This was a publicly released statement by Director of Central Intelligence John McCone. It was designed to silence the growing criticism from some members of Congress such as Senator Strom Thurmond (D-South Carolina) and Senator Kenneth Keating (R-New York) about the continued Soviet military presence in Cuba. With the criticism peaking in early February 1963, the administration made a concerted effort to be more publicly transparent about what it knew about the Soviet forces still in Cuba and what had been removed.
Date: February 6, 1963
Author: John McCone
Title: Statement on Cuba by Director of Central Intelligence
Archival Source: "Countries: Cuba, Subjects, Testimony, Director McCone, 2/6/63-2/26/63" folder, Box 63, National Security Files, John F. Kennedy Library
This was one of several efforts by the Kennedy administration in early February 1963 to quell the growing criticism from some members of Congress such as Senator Strom Thurmond (D-South Carolina) and Senator Kenneth Keating (R-New York) about the continued Soviet military presence in Cuba.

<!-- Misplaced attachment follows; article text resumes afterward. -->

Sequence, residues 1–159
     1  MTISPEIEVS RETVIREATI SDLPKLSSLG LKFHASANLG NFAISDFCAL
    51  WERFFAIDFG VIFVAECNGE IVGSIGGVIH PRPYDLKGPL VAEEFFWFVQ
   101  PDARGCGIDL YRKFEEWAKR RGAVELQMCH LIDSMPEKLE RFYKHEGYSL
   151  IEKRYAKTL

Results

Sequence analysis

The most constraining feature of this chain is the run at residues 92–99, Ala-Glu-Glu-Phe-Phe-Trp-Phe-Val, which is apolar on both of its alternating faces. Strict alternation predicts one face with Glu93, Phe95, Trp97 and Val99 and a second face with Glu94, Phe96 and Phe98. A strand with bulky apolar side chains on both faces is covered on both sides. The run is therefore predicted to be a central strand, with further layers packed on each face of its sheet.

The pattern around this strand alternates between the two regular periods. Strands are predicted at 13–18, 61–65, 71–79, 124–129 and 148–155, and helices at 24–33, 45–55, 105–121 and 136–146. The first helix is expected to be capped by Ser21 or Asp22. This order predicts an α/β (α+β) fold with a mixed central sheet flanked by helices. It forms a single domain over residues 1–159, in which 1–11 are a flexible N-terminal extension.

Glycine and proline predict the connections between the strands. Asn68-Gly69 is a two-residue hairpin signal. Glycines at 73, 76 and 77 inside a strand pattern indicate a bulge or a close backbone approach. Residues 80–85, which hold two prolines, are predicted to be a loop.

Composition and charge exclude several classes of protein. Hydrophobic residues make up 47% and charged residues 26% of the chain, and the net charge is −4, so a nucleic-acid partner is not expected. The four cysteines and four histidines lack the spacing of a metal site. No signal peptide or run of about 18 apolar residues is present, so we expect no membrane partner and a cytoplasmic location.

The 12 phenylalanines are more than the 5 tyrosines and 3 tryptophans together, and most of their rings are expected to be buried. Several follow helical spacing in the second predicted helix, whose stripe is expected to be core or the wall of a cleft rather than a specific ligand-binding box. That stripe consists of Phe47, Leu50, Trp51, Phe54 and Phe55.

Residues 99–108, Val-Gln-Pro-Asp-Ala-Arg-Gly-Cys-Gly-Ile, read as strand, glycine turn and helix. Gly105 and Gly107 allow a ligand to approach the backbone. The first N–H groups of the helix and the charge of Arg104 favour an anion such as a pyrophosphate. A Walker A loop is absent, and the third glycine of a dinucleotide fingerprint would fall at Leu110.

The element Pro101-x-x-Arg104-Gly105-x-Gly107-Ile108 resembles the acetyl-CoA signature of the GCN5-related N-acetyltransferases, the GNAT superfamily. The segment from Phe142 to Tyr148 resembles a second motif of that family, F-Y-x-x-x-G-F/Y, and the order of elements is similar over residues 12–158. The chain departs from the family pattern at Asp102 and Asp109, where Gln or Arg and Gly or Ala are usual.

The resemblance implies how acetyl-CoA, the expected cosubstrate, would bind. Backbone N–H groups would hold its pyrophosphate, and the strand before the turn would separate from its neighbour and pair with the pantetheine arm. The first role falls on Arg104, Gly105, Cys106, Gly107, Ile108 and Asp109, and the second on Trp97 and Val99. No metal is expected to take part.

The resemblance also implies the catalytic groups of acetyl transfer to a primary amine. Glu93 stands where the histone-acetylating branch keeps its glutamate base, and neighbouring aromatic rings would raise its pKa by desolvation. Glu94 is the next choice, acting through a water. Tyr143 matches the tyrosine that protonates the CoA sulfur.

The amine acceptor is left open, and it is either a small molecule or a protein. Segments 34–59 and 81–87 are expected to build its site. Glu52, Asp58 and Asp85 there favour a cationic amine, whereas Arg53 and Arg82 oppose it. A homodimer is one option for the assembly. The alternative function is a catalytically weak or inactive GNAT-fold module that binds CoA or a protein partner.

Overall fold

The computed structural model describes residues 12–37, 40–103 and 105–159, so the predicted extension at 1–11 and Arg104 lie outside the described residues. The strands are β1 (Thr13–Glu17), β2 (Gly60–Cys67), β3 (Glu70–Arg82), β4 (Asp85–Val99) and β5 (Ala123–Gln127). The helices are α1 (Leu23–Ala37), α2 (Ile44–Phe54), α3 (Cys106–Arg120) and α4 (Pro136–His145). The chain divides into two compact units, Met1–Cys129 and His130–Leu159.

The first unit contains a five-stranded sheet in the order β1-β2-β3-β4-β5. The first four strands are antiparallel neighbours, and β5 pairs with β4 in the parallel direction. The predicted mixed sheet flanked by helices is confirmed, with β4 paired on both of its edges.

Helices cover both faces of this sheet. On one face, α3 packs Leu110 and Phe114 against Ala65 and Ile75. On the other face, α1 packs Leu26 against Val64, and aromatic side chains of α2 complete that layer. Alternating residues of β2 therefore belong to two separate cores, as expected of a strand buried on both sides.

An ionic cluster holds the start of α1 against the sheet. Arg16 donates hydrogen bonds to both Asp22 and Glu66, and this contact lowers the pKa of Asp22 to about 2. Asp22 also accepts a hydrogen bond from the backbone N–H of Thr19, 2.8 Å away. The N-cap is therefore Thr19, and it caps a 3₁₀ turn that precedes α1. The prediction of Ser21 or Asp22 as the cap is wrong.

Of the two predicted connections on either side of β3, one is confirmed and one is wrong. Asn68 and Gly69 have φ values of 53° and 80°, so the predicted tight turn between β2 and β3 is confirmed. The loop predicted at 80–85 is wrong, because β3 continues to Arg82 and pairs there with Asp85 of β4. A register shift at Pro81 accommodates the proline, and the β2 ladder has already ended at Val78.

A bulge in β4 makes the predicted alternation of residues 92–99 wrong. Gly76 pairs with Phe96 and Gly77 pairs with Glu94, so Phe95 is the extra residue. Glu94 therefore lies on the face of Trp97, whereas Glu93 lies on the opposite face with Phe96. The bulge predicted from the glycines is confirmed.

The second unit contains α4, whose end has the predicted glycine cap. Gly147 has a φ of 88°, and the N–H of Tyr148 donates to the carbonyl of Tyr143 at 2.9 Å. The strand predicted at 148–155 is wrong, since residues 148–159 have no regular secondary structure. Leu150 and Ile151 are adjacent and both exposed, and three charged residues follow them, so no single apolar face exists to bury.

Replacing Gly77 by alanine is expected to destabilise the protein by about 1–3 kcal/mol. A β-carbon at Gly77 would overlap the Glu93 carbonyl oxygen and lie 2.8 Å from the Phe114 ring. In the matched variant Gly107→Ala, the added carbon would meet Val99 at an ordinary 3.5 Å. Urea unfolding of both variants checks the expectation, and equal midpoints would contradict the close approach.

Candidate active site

McCone's statement was released publicly and complemented classified briefings he and other administration officials had been giving to Congressional Committees.
Defense Secretary Robert McNamara delivered a televised briefing the same day. President Kennedy also addressed the issue in a press conference the following day.
McCone circulated a copy of his proposed statement to the ExComm on February 5 for their meeting that day. President Kennedy was particularly interested in including the sentiment of the final paragraph in which the intelligence community encourage anyone with information to pass that information to the intelligence community rather than make public accusations.